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panthervsrvest

MIT 194 4 2,892
8.4 thousand (month) Jul 17 2018 v2.1.1(6 months ago)
1,479 1 22 MIT
Nov 22 2014 612.5 thousand (month) 1.0.4(1 year, 9 months ago)

Panther is a convenient standalone library to scrape websites and to run end-to-end tests using real browsers.

Panther is super powerful. It leverages the W3C's WebDriver protocol to drive native web browsers such as Google Chrome and Firefox.

Panther is very easy to use, because it implements Symfony's popular BrowserKit and DomCrawler APIs, and contains all the features you need to test your apps. It will sound familiar if you have ever created a functional test for a Symfony app: as the API is exactly the same! Keep in mind that Panther can be used in every PHP project, as it is a standalone library.

Panther automatically finds your local installation of Chrome or Firefox and launches them, so you don't need to install anything else on your computer, a Selenium server is not needed!

In test mode, Panther automatically starts your application using the PHP built-in web-server. You can focus on writing your tests or web-scraping scenario and Panther will take care of everything else.

Features:

  • executes the JavaScript code contained in webpages
  • supports everything that Chrome (or Firefox) implements
  • allows taking screenshots
  • can wait for asynchronously loaded elements to show up
  • lets you run your own JS code or XPath queries in the context of the loaded page
  • supports custom Selenium server installations
  • supports remote browser testing services including SauceLabs and BrowserStack

rvest is a popular R library for web scraping and parsing HTML and XML documents. It is built on top of the xml2 and httr libraries and provides a simple and consistent API for interacting with web pages.

One of the main advantages of using rvest is its simplicity and ease of use. It provides a number of functions that make it easy to extract information from web pages, even for those who are not familiar with web scraping. The html_nodes and html_node functions allow you to select elements from an HTML document using CSS selectors, similar to how you would select elements in JavaScript.

rvest also provides functions for interacting with forms, including html_form, set_values, and submit_form functions. These functions make it easy to navigate through forms and submit data to the server, which can be useful when scraping sites that require authentication or when interacting with dynamic web pages.

rvest also provides functions for parsing XML documents. It includes xml_nodes and xml_node functions, which also use CSS selectors to select elements from an XML document, as well as xml_attrs and xml_attr functions to extract attributes from elements.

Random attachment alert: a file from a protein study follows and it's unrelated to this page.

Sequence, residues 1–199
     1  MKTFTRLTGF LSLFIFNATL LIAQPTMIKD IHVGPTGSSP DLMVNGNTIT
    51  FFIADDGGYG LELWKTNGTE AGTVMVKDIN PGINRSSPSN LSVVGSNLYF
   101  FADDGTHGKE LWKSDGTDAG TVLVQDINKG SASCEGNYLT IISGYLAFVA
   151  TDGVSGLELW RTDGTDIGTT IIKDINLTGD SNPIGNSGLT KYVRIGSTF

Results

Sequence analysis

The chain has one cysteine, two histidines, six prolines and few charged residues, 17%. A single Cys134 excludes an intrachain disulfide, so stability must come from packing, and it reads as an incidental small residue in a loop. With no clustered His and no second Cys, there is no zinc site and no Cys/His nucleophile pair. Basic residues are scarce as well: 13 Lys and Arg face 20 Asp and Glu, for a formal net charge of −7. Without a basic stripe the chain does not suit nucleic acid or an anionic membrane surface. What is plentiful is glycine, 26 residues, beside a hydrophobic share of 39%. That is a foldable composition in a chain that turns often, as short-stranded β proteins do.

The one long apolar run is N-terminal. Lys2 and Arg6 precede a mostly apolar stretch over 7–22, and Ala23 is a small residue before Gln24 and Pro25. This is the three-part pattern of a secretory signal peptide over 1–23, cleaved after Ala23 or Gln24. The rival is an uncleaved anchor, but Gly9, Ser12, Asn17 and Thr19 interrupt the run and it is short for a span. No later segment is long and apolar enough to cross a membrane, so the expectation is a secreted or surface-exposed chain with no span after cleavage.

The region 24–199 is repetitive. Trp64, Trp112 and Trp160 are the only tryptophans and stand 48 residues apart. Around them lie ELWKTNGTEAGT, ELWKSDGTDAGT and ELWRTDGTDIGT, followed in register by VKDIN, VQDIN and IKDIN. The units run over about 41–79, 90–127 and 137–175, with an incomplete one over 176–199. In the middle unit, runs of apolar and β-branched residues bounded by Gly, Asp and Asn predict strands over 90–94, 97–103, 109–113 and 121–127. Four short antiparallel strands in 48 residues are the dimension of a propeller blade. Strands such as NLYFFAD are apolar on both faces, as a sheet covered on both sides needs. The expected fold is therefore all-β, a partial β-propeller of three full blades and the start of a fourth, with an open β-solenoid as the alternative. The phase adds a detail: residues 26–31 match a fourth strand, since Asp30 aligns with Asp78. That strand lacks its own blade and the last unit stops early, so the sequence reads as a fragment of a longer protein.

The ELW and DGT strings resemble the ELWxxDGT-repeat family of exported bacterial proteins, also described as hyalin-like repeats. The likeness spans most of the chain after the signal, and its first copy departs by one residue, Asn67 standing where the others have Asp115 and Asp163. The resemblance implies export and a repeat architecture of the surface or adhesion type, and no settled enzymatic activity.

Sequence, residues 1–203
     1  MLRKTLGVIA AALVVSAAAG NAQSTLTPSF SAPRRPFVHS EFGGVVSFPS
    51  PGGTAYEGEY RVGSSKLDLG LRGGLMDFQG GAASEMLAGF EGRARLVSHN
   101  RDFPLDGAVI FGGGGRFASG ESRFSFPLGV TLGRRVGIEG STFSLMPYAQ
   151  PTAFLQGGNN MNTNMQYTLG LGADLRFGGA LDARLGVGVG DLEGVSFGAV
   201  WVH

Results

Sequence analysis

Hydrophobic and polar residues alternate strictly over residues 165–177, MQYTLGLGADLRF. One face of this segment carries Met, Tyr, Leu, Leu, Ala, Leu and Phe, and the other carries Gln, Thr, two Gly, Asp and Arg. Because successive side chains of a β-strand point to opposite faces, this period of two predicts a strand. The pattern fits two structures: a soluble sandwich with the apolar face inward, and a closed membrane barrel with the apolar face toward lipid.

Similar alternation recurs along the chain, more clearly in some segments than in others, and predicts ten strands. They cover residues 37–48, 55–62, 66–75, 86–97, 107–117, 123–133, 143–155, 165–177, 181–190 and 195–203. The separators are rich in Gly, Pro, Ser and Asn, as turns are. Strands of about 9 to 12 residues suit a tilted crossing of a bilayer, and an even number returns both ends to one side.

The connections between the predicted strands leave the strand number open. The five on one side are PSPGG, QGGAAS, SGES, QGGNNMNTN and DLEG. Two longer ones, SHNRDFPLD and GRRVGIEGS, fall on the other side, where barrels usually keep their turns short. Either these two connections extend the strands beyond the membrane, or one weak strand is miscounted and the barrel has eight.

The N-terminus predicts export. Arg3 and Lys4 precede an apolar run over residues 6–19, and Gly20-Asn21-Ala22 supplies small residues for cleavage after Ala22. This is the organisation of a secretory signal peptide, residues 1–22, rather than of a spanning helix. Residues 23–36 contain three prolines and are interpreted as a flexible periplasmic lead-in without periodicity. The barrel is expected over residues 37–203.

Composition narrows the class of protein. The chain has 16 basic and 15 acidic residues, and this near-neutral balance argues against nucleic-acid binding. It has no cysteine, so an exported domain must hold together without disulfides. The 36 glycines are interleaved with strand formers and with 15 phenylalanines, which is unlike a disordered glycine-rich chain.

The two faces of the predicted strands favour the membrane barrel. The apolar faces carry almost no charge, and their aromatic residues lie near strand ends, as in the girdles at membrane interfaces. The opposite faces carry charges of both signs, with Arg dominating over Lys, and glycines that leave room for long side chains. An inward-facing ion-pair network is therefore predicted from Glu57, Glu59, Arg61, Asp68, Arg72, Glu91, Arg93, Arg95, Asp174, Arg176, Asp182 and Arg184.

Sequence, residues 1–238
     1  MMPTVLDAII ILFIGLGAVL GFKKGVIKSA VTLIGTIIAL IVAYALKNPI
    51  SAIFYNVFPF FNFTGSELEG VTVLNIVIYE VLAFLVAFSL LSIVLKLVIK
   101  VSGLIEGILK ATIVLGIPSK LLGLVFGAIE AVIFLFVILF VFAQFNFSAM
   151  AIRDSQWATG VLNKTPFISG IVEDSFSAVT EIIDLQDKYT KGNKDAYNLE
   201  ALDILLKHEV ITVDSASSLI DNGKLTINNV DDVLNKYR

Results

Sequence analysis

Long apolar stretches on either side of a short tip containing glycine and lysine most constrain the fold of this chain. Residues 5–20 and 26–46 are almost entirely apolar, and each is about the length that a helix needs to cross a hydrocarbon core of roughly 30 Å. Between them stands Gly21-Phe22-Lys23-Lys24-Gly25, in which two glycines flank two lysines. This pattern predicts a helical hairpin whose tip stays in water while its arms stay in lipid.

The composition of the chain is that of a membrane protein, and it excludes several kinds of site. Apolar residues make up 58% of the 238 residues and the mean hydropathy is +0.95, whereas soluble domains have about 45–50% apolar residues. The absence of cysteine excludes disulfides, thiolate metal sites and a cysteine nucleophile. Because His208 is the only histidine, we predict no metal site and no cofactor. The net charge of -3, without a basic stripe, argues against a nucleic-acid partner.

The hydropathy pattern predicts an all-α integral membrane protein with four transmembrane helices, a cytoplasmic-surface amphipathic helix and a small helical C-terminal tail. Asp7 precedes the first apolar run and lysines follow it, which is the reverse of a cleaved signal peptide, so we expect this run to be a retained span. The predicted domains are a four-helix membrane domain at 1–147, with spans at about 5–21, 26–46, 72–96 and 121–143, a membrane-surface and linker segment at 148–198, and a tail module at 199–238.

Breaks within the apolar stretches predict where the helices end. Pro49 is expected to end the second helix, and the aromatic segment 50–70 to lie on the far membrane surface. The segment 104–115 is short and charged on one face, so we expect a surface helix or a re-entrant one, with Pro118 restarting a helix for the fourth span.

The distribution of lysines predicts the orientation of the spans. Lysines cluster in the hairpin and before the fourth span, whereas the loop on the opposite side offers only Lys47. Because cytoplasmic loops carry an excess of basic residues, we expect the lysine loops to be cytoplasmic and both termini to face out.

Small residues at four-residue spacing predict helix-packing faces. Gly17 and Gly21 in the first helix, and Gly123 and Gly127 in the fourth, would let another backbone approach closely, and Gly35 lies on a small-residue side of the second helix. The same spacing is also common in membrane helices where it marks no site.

Another advantage of rvest is that it provides a way to handle cookies, so you can keep the session alive while scraping a website, and also you can handle redirections with handle_redirects

Example Use


<?php

use Symfony\Component\Panther\Client;

require __DIR__.'/vendor/autoload.php'; // Composer's autoloader

$client = Client::createChromeClient();
// Or, if you care about the open web and prefer to use Firefox
$client = Client::createFirefoxClient();

$client->request('GET', 'https://api-platform.com'); // Yes, this website is 100% written in JavaScript
$client->clickLink('Get started');

// Wait for an element to be present in the DOM (even if hidden)
$crawler = $client->waitFor('#installing-the-framework');
// Alternatively, wait for an element to be visible
$crawler = $client->waitForVisibility('#installing-the-framework');

echo $crawler->filter('#installing-the-framework')->text();
$client->takeScreenshot('screen.png'); // Yeah, screenshot!
library("rvest")

# Rvest can use basic HTTP client to download remote HTML:
tree <- read_html("http://webscraping.fyi/lib/r/rvest")
# or read from string:
tree <- read_html('
<div class="products">
  <a href="/product/1">Cat Food</a>
  <a href="/product/2">Dog Food</a>
</div>
')

# to parse HTML trees with rvest we use r pipes (the %>% symbol) and html_element function:
# we can use css selectors:
print(tree %>% html_element(".products>a") %>% html_text())
# "[1] "\nCat Food\nDog Food\n""

# or XPath:
print(tree %>% html_element(xpath="//div[@class='products']/a") %>% html_text())
# "[1] "\nCat Food\nDog Food\n""

# Additionally rvest offers many quality of life functions:
# html_text2 - removes trailing and leading spaces and joins values
print(tree %>% html_element("div") %>% html_text2())
# "[1] "Cat Food Dog Food""

# html_attr - selects element's attribute:
print(tree %>% html_element("div") %>% html_attr('class'))
# "products"

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